Waly Waly, Love be Bonny.A SCOTTISH SONG.
††††††††††† This is a very ancient song, but we can only give it from a modern copy. Some of the editions instead of the four last lines in the second stanza have these, which have too much merit to be wholly suppressed:
"When cockle shells turn siller bells,
And muscles grow on every tree,
When frost and snaw sall warm us a',
Then sall my love prove true to me."
-- See the Orpheus Caledonius, &c.
Arthur's-seat, mentioned in ver. 17, is a hill near Edinburgh; at the bottom of which is St. Anthony's well.
O WALY, waly up the bank,
And waly, waly down the brae,
And waly, waly yon burn side,
Where I and my love wer wont to gae.
I leant my back unto an aik,
I thought it was a trusty tree;
But first it bow'd, and syne it brak,
Sae my true love did lichtly me.
O waly, waly, gin love be bonny,
A little time while it is new;
But when its auld, it waxeth cauld,
And fades awa' like morning dew.
O wherfore shuld I busk my head?
Or wherfore shuld I kame my hair?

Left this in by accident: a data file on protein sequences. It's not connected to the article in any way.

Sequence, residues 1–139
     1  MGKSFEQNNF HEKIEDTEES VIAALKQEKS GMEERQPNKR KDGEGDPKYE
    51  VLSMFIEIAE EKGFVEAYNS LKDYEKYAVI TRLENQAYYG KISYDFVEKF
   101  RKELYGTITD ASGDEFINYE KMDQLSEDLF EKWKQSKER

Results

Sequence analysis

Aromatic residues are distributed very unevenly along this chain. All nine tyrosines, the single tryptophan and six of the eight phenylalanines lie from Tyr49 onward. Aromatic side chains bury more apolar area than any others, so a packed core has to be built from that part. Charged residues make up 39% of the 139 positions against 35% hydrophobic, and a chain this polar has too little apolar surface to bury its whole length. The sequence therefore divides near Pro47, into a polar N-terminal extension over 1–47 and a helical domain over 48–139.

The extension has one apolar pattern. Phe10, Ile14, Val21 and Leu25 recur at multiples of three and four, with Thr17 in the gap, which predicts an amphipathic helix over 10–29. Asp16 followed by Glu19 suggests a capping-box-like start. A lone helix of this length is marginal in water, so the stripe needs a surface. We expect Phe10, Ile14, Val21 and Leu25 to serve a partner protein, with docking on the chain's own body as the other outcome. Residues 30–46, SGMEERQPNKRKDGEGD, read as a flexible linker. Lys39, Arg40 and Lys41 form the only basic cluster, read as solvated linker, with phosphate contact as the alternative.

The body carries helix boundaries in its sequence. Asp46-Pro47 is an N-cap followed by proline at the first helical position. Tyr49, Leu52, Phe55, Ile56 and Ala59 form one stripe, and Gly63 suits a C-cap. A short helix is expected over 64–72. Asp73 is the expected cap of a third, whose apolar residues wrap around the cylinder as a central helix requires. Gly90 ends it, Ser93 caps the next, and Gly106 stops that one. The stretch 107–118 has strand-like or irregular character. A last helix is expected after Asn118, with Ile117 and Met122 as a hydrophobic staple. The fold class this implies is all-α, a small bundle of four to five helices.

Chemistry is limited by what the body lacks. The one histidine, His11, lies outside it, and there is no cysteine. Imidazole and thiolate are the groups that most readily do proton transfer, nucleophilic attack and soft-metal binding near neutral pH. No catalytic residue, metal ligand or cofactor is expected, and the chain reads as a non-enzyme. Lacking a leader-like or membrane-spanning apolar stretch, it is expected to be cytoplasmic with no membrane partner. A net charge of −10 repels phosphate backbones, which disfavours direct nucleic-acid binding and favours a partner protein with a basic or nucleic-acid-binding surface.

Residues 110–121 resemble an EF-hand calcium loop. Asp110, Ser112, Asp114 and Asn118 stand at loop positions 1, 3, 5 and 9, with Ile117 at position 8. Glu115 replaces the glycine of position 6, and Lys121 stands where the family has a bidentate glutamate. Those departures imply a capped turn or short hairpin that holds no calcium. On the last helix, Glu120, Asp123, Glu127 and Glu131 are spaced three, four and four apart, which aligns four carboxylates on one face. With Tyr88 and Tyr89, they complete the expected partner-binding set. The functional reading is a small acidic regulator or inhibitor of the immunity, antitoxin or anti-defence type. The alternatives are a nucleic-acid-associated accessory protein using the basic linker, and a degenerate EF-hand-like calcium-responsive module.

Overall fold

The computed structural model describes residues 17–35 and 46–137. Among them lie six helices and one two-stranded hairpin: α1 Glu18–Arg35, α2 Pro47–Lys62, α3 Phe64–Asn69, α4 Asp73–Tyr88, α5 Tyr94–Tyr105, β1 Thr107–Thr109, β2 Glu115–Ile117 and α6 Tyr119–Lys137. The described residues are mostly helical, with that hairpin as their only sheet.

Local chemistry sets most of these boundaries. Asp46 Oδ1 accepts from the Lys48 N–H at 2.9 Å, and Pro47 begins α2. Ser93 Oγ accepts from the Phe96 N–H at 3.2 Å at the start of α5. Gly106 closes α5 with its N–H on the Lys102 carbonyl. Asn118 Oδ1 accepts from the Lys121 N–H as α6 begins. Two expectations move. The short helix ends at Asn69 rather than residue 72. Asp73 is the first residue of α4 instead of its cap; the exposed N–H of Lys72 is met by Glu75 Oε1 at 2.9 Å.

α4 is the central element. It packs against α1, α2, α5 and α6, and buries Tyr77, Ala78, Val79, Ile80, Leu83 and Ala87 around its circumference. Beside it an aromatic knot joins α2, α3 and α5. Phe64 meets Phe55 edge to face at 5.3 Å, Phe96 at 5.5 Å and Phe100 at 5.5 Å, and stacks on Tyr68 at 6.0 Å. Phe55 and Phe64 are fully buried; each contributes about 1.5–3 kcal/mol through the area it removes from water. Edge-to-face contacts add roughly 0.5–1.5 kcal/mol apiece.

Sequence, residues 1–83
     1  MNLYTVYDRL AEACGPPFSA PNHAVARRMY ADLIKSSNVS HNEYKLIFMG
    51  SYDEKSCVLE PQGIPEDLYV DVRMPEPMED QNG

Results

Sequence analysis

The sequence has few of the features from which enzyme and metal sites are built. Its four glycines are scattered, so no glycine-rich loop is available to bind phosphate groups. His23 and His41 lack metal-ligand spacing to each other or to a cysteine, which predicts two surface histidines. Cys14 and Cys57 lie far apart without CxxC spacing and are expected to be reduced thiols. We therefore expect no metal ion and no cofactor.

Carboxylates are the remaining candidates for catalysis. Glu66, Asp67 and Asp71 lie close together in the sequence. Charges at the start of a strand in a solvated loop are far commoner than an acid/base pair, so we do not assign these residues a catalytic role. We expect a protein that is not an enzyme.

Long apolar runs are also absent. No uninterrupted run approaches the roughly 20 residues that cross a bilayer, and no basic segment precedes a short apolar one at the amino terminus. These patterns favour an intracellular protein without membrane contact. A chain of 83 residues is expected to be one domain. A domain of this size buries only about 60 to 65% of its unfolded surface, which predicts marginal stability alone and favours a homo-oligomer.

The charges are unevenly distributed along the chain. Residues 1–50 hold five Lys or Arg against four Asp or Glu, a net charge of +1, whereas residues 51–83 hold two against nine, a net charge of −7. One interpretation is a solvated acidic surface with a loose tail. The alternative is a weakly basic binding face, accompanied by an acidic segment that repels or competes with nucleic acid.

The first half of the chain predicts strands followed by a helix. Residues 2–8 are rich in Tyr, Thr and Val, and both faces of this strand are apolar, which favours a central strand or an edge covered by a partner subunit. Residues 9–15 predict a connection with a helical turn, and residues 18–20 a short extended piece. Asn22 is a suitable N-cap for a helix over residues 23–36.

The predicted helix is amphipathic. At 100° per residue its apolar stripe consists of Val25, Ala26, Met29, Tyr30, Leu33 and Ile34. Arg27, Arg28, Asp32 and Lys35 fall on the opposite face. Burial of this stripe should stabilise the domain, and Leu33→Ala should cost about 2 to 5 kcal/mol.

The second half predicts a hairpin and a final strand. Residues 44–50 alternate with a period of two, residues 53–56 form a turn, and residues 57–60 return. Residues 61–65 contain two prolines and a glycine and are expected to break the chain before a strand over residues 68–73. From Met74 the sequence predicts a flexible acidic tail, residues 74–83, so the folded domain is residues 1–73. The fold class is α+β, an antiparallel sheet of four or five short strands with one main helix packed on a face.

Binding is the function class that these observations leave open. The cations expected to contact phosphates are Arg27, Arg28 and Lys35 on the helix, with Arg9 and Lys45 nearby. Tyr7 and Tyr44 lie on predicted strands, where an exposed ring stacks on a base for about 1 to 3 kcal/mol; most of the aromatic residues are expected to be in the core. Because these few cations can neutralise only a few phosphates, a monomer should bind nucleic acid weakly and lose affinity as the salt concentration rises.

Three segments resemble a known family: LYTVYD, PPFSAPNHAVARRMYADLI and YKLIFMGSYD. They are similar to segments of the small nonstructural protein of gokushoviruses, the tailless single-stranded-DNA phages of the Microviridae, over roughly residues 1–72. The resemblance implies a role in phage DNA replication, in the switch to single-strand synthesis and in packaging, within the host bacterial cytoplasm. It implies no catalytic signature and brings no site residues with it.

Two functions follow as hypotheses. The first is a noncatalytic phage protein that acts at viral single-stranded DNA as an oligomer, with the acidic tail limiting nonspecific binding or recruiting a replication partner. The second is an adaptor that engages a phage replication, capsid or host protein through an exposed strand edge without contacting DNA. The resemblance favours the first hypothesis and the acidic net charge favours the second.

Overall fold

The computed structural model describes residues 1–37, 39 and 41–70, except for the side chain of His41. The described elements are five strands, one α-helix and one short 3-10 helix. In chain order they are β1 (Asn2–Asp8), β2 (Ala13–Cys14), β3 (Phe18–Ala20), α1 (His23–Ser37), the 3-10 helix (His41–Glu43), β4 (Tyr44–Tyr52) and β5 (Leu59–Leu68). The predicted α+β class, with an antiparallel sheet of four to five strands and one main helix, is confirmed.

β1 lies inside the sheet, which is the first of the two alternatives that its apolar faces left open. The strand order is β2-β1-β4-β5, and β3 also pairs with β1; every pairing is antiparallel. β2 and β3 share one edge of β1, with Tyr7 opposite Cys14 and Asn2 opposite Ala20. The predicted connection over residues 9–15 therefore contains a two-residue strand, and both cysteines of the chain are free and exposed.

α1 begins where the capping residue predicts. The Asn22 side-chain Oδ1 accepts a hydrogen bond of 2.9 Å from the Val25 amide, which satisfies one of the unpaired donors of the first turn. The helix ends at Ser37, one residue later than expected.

For my true love has me forsook,
And says he'll never loe me mair.
Now Arthur-seat sall be my bed,
The sheets sall neir be fyl'd by me:
Saint Anton's well sall be my drink,
Since my true love has forsaken me.
Marti'mas wind, when wilt thou blaw,
And shake the green leaves aff the tree?
O gentle death, whan wilt thou cum?
For of my life I am wearže.
'Tis not the frost, that freezes fell,
Nor blawing snaws inclemencie;
'Tis not sic cauld that maks me cry,
But my love's heart grown cauld to me.
Whan we came in by Glasgowe town,
We were a comely sight to see,
My love was cled in black velvet,
And I myself in cramasže.
But had I wist; before I kisst,
That love had been sae ill to win,
I had lockt my heart in a case of gowd,
And pinnd it with a siller pin.
And oh! if my young babe were born,
And set upon the nurses knee,
And I mysell were dead and, gane!
For a maid again Ise never be.